I have to admit, I’m strongly familiar with only two of the songs listed while I have heard, but haven’t felt much one way or the other, about a few of the others.

As a HUGE The Beatles and David Bowie fan, of course I’m quite aware of The Beatles’ Revolution 9 and Bowie’s The Laughing Gnome.

The former was presented on The Beatles’ White Album, another of the spectacular later day albums The Beatles released before ultimately breaking up, and truthfully I can’t argue with this as being perhaps the worst song The Beatles released.

Revolution 9 is artistic noise, a collage of sound that for me, anyway, means little. Having said that, I’ve listened to it a few times and while it isn’t my cup of tea, I can’t say its completely without merit. It just doesn’t work for me and, if push comes to shove, as I said above, I’d agree this is probably the worst “official” The Beatles release.

As for David Bowie’s The Laughing Gnome

The fact of the matter is that David Bowie’s career followed a slow trajectory up. He produced quite a bit of stuff before finally getting his act together. The Laughing Gnome IMHO is an inoffensive, silly little song that means nothing one way or the other and was a product of a young artist who still didn’t have his course set.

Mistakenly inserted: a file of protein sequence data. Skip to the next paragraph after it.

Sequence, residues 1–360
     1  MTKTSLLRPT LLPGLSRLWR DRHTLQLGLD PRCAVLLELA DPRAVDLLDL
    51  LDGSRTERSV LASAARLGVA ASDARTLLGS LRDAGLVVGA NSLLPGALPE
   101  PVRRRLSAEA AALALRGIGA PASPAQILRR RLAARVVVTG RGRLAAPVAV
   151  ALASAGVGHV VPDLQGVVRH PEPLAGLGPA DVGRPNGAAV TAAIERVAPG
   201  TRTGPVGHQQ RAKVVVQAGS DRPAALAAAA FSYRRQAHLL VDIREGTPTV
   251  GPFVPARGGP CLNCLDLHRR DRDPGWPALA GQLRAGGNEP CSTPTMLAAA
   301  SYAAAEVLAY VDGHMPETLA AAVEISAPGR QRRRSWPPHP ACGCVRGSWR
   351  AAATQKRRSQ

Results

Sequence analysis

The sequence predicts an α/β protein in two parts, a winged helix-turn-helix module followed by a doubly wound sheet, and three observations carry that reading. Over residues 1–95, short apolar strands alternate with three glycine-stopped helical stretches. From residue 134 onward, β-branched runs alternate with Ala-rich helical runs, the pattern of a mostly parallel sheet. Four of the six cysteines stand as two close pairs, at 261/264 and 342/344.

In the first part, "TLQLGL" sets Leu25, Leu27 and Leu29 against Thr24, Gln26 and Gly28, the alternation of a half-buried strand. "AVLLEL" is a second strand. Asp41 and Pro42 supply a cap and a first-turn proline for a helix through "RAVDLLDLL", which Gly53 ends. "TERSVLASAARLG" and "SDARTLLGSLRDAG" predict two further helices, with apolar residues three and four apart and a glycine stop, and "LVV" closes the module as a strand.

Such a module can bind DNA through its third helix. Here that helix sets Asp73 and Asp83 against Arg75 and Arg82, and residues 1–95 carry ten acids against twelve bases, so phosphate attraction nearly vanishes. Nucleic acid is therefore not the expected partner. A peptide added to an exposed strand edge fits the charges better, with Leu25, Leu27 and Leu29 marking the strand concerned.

How can one view that as his “worst” work?

Indeed, I’d be far harsher with any “bad” songs released post Space Oddity, when David Bowie was clearly a lot more confident of his musical skills and might have released here and there a song which doesn’t measure up to his usual levels of brilliance.

For example, and while I don’t necessarily view it as his worst, the song Too Dizzy released on what David Bowie himself considered his worst album, 1987’s Never Let Me Down, was stricken from future re-releases of the album on Bowie’s insistence. He apparently hated the song that much!

So, perhaps, we can look upon this instead of The Laughing Gnome as Bowie’s worst… at least when it comes to the artist’s own opinion!